Warning – The End of the Internet As We Know (and Love) It?

Electricitymeterb What a wild ride we've all enjoyed over the last decade and a half or so, but – and as earlier predicted – this looks likely to soon end.

You might have read recently about the internet running out of IP addresses.  I don't mean to belittle the underlying problems posed by the exhaustion of the somewhat less than 4.3 billion IP addresses currently available, but there is another problem looming that will probably have much greater impact on most of us.

So many of the internet services we increasingly know, love, and have come to rely upon, assume and are only viable in a scenario where there is effectively unlimited free internet bandwidth available to both the service provider and the service consumer.

What would happen if our current 'all you can use' internet access accounts were replaced with usage based charges, so that our monthly cost varies upwards depending on how much data we upload and download each month?

Alas, this is a question whose time has come, with a nasty answer being rudely thrust upon many internet users in Canada right now.

For more about this issue, please read our new article, Warning – The End of the Internet As We Know (and Love) It.

6 thoughts on “Warning – The End of the Internet As We Know (and Love) It?”

  1. Excellent piece on a fascinating subject. I read recently — sorry, can’t find the link — that 40% of the TVs currently sold in the US are internet-capable. In fact, I’ve recently been attracted back to TV viewership, after many years of ignoring it, by all the film offerings via internet-based TV services. Heaven knows what that’s doing to my data consumption. But I’m pretty sure my provider will let me know before long.

  2. Unlimited free internet? Maybe in the US, but not in the rest of the world. In dial-up days it was hours and then briefly, “unlimited”, but in Australia, Europe, the Far East (the places I know) we have been paying for data download and/or speed limitation for many years, usually nowadays the former.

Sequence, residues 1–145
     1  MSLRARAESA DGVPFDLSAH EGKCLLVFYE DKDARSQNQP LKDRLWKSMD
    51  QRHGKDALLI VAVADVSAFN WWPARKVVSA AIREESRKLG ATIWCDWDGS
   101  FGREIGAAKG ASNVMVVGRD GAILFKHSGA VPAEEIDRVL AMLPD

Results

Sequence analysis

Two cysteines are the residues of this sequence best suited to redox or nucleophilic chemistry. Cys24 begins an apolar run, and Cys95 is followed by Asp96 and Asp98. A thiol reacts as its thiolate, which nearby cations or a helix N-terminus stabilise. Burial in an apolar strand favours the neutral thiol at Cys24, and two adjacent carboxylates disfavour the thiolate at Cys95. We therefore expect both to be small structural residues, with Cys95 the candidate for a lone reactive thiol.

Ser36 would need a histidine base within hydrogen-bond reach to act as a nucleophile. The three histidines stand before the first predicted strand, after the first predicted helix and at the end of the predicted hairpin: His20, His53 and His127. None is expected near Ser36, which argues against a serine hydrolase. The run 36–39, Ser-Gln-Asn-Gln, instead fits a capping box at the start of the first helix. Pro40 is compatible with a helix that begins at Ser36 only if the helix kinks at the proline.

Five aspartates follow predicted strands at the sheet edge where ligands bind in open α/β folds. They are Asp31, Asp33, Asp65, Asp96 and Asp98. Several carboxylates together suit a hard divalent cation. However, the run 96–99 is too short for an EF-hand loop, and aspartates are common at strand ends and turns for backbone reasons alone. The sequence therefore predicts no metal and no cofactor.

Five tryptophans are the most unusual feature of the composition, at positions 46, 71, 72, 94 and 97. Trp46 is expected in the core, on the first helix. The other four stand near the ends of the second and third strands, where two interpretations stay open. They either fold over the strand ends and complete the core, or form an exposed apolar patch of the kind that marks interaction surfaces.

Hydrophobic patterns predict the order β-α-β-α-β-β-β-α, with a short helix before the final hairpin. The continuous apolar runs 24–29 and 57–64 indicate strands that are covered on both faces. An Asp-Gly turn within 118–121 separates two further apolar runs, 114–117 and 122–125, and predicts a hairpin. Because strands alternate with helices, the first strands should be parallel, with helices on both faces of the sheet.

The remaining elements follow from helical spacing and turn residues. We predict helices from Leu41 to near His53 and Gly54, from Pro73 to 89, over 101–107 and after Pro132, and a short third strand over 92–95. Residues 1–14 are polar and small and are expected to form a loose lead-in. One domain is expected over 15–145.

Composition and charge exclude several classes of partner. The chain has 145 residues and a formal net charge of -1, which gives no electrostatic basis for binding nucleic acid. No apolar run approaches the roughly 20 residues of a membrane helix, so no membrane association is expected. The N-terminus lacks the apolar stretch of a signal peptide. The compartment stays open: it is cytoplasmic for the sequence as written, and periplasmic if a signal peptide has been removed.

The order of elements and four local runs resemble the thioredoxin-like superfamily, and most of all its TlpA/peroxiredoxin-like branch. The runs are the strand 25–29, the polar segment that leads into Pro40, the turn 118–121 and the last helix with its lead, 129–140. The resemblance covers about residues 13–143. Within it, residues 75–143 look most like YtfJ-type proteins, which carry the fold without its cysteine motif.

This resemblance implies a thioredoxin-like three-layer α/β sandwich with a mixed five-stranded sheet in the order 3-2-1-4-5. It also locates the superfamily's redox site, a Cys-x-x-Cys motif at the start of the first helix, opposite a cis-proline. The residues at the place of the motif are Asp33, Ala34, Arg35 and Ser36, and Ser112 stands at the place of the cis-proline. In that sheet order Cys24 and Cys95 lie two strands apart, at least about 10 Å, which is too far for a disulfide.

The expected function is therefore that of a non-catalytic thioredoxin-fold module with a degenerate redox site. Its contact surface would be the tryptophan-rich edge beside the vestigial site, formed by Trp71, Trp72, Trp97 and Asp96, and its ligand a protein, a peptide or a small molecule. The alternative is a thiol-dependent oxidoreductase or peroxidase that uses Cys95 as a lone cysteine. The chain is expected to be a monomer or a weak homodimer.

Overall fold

Now whether these charges have been grossly excessive or not (ha!) is another question…
    Tony P.

  3. Hi, Tony
    Thanks for this very correct comment, although I’m not sure that all of Europe has metered internet data charges.
    I checked with a friend in the UK who says it is still usually ‘unlimited’ data there – the square quotes due to if you really go wild and crazy, then you might get cut off or your speed limited or invited to upgrade your account or something like that.
    There were probably two main factors in the US/Canada having been primarily unlimited (up until now).
    The first is the AOL marketing and the need to respond/compete.
    The second is that for the longest while – maybe even now – the bulk of the internet traffic in the US (or, if you prefer, US/Canada) stays within its borders. The significance of this is that it is only when you start going internationally, and via undersea cables, that you start to hit severe capacity constraints.
    Compare the internet traffic patterns in the US with those of eg Australia (or my home country of NZ for an even more extreme example). NZ in particular had, for many years in the 1990s and early 2000s, been continually on the back foot of having insufficient cable/data bandwidth to off-shore internet sites, causing congestion, data slow down, and of course requiring a metered approach to internet usage locally.

  4. Thought provoking. But I think it only fair for internet charges to be based on amount of usage. Probabaly a lower cost per GB as you usage rises – sort of like buying minutes on the old Cell phone plans.
    The problem with unlimited is higher overall usage reduces the speed for each user. And, I would bet, 90% of usage is by 10% of the users.
    I say let the market decide.
    And I doubt if the prices will rise like your example. Better technology will allow much higher data rates without corresponding higher costs. (Look at your cost per megabyte now vs. in 2000 – much lower.)
    Few services we “know, love, and rely on” are really essential, unless watching videos/movies/etc. are critical to you. I think we all managed without them 15 years ago.

  5. Hi, Mike
    I too hope that cost per GB will reduce over time. And I’m not saying it unfair to pay on a usage basis, I am merely wondering/worrying what the overall cost implications will be for us all.
    For example, if I have to pay a penny or thereabouts each time I receive or send and email, that will be a constraint.
    And essential internet services? That’s more a grey scale than black and white, of course. But I’d hate to lose access to, eg, real-time traffic reports. Or weather conditions and forecasts. Or the internet radio that enables me to listen to my favorite radio station, located in London. And so on through a laundry list of other applications of greater or lesser interest.
    Yes, we all lived without these things 15 years ago, and 50 years ago, and 150 years ago too. But I don’t think either of us are seeking a return back to ‘the good old days’!

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